We also spent time with old acquaintance Rudy Sarzo, who we knew back in his Quiet Riot days and has since gone on to play bass with everyone and anyone–at press time he is with Blue Oyster Cult but was Ronnie James Dio’s bassist (and longtime friend) at the time of his passing last year. Rudy is an excellent counselor because of his easygoing nature and ability to find humor in anything–and because he has played with so many bands, his repertoire is amazing. When Roger Daltrey made the rounds to sing a selected song with each band, he did “Behind blue Eyes” with Rudy’s band (Heart Of Steal) and it was possibly the high point of the entire camp to get such an intimate audience with the Who legend. There were only a dozen people in the room, and Roger not only signed and posed for pics with everyone after singing “Behind Blue Eyes” but also spent some private time and shared hugs with the band’s lead singer. Hearts Of Steal performed an original song called “Seven Year Fog” about this touching subject matter for Roger, who seemed to greatly appreciate it.

    The “grand finale” to camp was the benefit for Jesse Farner at BB King’s on Monday, January 17th. The goal was to raise 100,000 for the Grand Funk legend’s 21-year-old song who is paralyzed as the result of a spinal cord injury. Farner has been busy making his Michigan home disability-friendly and besides having each camp band do ten minutes sets each, there were guest stars popping in and out including Bad Company’s Simon Kirke, AC/DC’s Cliff Williams and an hour long set by Roger Daltrey which included some unusual musical choices on his part (we never expected him to perform “Sweet Little Sixteen” or “Born To Run”)! Other than some technical difficulties during Roger’s set, it was a mind-blowing night and 3 Doors Down flew up all the way from their native Mississippi to do a half hour set. Promoter David Fishof auctioned off seven or eight newer models of Gibson guitars signed by all the rockers participating in the show of the tune of three and four grand each, which definitely helped up the take for the charity show.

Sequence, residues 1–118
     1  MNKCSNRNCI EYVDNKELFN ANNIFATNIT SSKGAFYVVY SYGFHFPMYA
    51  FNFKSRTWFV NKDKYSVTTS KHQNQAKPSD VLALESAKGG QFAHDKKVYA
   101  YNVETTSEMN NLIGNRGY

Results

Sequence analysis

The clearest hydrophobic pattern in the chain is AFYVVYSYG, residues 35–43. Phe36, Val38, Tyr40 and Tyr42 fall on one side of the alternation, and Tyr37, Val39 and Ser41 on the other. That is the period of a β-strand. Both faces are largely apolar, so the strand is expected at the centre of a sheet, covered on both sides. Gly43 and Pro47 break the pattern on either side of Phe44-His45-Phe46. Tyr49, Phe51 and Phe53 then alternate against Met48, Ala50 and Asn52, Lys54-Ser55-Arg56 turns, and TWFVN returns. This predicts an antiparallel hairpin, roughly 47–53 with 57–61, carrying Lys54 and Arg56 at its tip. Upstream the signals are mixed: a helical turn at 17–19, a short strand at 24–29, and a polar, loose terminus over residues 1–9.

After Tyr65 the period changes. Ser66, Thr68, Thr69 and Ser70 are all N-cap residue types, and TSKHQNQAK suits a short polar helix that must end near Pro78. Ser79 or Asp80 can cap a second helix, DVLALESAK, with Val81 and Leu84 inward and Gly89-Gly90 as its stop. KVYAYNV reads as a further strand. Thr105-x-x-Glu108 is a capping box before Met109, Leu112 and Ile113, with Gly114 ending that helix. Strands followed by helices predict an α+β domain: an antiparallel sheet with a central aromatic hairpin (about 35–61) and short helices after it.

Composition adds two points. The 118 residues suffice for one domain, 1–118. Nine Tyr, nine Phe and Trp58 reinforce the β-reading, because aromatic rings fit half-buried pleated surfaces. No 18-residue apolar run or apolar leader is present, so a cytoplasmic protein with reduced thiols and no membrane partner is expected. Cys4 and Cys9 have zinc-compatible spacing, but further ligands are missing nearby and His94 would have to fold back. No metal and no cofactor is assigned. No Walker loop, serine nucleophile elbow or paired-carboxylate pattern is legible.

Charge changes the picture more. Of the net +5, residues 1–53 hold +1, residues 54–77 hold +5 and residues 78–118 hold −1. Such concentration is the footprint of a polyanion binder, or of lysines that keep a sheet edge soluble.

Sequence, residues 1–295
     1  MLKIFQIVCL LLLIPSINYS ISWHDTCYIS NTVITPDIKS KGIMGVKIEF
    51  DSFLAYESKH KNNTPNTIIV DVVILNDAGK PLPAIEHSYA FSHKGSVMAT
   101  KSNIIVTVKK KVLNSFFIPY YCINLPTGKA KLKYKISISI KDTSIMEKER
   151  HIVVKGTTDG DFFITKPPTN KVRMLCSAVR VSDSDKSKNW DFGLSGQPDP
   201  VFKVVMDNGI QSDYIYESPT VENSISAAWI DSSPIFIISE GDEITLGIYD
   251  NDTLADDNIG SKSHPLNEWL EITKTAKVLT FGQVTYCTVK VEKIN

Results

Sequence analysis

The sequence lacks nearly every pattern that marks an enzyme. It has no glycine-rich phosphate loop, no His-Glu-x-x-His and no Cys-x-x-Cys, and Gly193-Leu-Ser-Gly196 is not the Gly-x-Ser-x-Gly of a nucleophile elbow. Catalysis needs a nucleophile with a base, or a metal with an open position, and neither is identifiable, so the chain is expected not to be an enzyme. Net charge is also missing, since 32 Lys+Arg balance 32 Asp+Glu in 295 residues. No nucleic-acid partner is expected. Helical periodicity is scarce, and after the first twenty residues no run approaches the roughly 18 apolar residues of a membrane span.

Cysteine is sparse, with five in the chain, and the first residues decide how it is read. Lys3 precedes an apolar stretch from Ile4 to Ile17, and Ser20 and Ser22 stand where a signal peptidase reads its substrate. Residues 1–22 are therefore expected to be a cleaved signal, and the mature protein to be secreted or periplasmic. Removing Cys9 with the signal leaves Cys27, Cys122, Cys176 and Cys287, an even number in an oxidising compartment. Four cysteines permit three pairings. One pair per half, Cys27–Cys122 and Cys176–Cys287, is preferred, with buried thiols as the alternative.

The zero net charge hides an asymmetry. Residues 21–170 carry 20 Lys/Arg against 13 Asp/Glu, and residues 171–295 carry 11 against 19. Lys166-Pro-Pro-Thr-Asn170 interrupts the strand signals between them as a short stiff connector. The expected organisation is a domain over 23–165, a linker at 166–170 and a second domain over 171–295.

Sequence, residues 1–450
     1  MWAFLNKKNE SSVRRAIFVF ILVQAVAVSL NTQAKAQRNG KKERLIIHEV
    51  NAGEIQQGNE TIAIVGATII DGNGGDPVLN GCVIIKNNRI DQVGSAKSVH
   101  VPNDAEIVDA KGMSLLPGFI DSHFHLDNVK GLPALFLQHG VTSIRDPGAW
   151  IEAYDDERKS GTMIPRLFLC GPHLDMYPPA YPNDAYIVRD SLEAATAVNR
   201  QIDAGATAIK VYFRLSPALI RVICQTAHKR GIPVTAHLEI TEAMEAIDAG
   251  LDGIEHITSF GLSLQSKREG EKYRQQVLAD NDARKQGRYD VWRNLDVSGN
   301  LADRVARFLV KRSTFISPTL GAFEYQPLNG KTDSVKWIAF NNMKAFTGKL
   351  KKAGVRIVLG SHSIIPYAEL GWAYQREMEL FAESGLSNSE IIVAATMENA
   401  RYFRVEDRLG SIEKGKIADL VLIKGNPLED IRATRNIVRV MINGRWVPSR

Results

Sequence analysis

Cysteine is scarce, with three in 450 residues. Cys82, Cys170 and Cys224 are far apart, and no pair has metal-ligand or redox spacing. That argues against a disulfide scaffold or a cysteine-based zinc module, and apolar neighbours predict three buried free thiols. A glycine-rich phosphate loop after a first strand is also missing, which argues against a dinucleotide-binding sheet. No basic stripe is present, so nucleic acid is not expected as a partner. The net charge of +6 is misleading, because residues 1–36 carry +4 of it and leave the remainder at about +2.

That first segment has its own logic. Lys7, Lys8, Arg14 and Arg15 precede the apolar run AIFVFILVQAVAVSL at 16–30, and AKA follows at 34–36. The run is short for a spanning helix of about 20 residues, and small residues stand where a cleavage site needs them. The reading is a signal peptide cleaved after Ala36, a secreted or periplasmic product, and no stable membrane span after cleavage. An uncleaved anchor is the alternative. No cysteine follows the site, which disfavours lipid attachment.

As you may know, VH1 has been televising Rock & Roll Fantasy Camp and there are camps coming up all over the globe. The next one is in late February at the Bahamas’ Atlantis Resorts and features Tommy Lee, Lita Ford, Ritchie Kotzen, Rudy Saro and more, so be sure to go to rockandrollfantasycamp.com to check out the details. We will be keeping an eye on all campers who participated in the future to see if they are able to climb the rock and roll ladder and “go pro”! We were quite impressed with that talented campers, who ranged from sixth graders to 50-something plastic surgeons! We want to see if anyone’s going to be able to give up their “day job”! (One of our camp favorites on vocals was Mark Dickstein of the camp band mentored by counselor Kip Winger called The Dicksteins. Mark actually has a band in the West Palm Beach area named Wild Card–and he’s one of our camp “picks to click”!)

Donna Travis, a Connecticut-based Rock And Roll Fantasy Camper who sang lead in Sandy Gennaro’s group The Unusual Suspects, could not resist planting a big wet one on Roger Daltrey when he came into her group’s studio to both perform and observe. Can any girl blame her?